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Strength In Numbers: How ALLi Members Are Changing Minds About Indie Publishing

Strength in Numbers: How ALLi Members Are Changing Minds about Indie Publishing

Human pyramid showing strength in numbers

Photo by Sofia Colado

“I know quite a few authors who have put an e-book out,” said the piece on the Writers & Artists website, “but there are a lot fewer that have taken the plunge into actual hard-copy print.”. 

What's more, the reporter seemed quite astonished that her interviewee, thriller writer Mel Sherratt, had made a decent job of it.

Hang on, I thought. I know plenty of indie writers who make good print books. Some of us, me included, started in print before ever embarking on an e-venture.

I fired off a quick tweet to congratulate Mel for grabbing their attention, then turned my guns on Writers & Artists. I've always had a big appetite for correcting misconceptions.

Setting the Record Straight

“Enjoyed your piece,” I tweeted, “but you might be interested to know that many self-publishers have published credibly and creditably in print.”

Then I put a hood on Hootsuite and started work.

Come lunchtime, Writers & Artists had replied: “Interesting. Got any examples?”

I rattled off a list of tweeps I knew had print books, but knew I could do better. So I threw it to the ALLI Facebook group:

“Does anyone publish professional-quality print editions as well as e-books? If so, go and tell Bloomsbury's Writers & Artists website…”

The response was immediate.

“Cheeky blighters,” said Dan Holloway.

“Been doing this for years,” replied Jessica Bell.

“Triskele displayed print editions at the London Book Fair,” said Jane Dixon-Wright, who should know because she's their house designer.

Pretty soon, tweets were flying and Writers & Artists were telling their 4k+ followers about the lovely indie-produced print books they were previously unaware of. And we’re now all friends. Result!

The Power of ALLi

With the Alliance of Independent Authors, we have a terrific resource. Not just for our own learning and development, but for proving the diversity of our expertise and talents – both to publishing folk and to readers. Especially, as must happen in such a volatile environment, when a columnist makes an erroneous assumption about indie authors, what we publish and why we do it. Writers & Artists have responded with curiosity and interest, but there’s a lot of negativity from the traditional publishing sector, and we, by sheer weight of numbers, have the means to change minds.

One of my own bugbears is the assertion that indies write only genre fiction. If I respond as me, I’m just one literary author in a huff. But if I go to the group, I can scramble a whole squad of literary mavericks to prove it isn’t so. If someone says “indies only write ebooks”, we can deploy a posse of accomplished print self-publishers.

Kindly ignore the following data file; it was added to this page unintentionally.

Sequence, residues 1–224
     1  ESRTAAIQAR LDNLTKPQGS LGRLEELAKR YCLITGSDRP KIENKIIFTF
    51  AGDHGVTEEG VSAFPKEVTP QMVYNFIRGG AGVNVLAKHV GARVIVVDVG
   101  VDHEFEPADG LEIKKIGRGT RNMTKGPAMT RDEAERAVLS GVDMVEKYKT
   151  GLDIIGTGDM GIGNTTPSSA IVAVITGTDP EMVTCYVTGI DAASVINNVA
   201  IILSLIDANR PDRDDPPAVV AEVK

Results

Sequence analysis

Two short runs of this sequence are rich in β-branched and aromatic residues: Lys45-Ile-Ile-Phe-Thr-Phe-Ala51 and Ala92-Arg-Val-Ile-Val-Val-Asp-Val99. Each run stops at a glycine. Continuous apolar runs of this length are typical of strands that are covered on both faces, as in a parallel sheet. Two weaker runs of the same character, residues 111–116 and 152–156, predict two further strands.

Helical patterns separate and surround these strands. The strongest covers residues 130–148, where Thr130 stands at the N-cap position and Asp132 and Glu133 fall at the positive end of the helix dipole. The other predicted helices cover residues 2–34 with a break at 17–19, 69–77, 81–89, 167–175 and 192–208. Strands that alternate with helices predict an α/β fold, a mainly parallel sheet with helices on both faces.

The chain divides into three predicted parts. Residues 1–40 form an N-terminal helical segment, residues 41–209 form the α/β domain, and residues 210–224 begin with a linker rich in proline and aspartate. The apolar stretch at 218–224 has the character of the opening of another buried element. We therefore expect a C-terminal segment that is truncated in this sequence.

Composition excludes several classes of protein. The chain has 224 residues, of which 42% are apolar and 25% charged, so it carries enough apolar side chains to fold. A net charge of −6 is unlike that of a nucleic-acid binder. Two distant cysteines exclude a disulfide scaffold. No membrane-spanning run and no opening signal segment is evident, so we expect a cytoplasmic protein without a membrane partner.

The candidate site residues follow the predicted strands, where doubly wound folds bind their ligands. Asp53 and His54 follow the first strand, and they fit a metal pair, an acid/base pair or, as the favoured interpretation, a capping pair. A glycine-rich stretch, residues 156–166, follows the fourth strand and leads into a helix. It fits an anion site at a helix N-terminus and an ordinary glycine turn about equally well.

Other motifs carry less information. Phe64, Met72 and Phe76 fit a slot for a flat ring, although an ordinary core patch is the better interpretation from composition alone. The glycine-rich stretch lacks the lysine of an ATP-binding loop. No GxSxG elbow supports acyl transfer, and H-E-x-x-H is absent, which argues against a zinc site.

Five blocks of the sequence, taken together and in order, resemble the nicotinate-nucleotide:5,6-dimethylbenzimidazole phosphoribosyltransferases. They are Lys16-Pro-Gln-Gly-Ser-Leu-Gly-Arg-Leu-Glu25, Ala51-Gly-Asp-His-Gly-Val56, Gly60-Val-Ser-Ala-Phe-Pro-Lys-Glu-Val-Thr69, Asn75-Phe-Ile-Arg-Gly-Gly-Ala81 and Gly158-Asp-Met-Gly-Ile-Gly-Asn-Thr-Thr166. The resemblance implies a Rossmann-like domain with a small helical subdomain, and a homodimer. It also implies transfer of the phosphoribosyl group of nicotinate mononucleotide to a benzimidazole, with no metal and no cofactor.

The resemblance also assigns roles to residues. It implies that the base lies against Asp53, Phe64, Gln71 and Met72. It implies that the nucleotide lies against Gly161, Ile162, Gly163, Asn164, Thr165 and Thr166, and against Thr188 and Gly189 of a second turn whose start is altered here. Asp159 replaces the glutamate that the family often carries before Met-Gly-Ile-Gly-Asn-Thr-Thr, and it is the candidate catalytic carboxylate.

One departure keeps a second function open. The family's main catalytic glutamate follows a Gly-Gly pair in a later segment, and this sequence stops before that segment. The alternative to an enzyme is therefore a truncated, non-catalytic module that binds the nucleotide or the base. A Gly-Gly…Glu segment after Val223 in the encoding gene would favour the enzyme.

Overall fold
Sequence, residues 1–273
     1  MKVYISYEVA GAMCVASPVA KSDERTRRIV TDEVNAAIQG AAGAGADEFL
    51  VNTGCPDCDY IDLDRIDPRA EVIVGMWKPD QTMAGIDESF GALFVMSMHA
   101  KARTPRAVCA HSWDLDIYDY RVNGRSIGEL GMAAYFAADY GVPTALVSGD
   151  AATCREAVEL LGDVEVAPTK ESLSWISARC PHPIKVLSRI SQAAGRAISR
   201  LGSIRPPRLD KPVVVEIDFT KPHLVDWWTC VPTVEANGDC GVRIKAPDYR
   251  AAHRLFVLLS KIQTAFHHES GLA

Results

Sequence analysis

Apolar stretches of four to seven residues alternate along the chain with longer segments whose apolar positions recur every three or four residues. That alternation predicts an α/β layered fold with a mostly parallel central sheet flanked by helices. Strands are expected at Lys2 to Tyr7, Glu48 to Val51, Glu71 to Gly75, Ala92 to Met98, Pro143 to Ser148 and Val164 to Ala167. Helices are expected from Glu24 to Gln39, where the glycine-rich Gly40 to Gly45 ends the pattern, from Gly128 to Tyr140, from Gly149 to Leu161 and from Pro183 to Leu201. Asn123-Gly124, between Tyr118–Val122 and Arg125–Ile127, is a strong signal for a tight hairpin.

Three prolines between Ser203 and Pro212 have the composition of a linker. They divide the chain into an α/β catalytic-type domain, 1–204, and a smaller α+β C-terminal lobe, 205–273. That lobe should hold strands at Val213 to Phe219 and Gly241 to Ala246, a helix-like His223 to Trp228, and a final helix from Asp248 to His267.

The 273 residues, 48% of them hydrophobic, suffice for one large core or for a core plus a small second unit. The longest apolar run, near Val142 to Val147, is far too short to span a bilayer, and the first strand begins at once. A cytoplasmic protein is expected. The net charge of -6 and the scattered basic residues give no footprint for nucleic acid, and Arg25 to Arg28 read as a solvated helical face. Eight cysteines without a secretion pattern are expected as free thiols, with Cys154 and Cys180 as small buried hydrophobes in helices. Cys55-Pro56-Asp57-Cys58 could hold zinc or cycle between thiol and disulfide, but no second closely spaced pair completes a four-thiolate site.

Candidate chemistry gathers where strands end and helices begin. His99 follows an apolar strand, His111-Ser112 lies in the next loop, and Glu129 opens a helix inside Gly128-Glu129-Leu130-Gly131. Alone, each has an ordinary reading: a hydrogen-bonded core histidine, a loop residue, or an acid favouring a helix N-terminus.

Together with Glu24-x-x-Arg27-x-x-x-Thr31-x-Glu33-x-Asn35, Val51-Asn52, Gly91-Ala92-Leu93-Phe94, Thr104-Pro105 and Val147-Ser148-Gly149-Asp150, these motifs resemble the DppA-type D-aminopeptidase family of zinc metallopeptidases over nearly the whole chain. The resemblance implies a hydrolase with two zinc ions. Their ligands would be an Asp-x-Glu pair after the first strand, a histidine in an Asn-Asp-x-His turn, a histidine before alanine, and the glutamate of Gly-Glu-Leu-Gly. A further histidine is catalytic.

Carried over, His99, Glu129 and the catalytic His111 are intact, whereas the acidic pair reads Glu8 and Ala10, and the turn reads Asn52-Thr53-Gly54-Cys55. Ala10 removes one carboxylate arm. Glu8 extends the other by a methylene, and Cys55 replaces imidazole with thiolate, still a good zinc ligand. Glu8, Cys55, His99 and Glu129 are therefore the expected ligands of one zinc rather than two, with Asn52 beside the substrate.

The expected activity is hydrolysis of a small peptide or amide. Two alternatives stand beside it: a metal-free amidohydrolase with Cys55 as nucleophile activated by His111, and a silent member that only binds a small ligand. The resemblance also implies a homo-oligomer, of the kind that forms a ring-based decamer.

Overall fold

How many more assumptions can we challenge?

  • “They want help with the work of publishing?” We can field writers who do, writers who don't, and writers who welcome all the hybrid approaches between.
  • “They're rank beginners.”‘ We can muster authors with backlists, awards and decades of publishing knowhow.
  • ‘They're burnt-out has-beens.” We have phoenixes who've lit fires under new readers and newbies who are investing serious effort in their art and career.
  • “They cut themselves off from foreign deals, subsidiary rights and bookshops.”‘ We can produce writers who go everywhere their traditionally published counterparts have.

We can prove what indie authors are really made of.

But more than that, we can make sure issues are discussed sensibly and in a balanced way. We can show where authors are struggling, even though the world is brave and new. We are all part of a publishing industry, and we need it to thrive so that we can continue to make books and have places to sell them. By speaking up when we see these misconceptions, we can contribute knowledgeably and usefully to its evolution.

Roz Morris, indie author

Roz Morris, Author Member of ALLi

Roz Morris's books have been on the bestseller lists but not under her name – she ghostwrote for other authors. She is now coming into the daylight with novels of her own. Her first is My Memories of a Future Life, and her next, Life Form Three, will be released in winter 2013. She is also the author of two writing books – Nail Your Novel: Why Writers Abandon Books and how you can Draft, Fix and Finish With Confidence and has just released Nail Your Novel: Bring Characters to Life. Roz also has a writing blog Nail Your Novel. Connect with her on Twitter at @ByRozMorris and @NailYourNovel.



This Post Has 17 Comments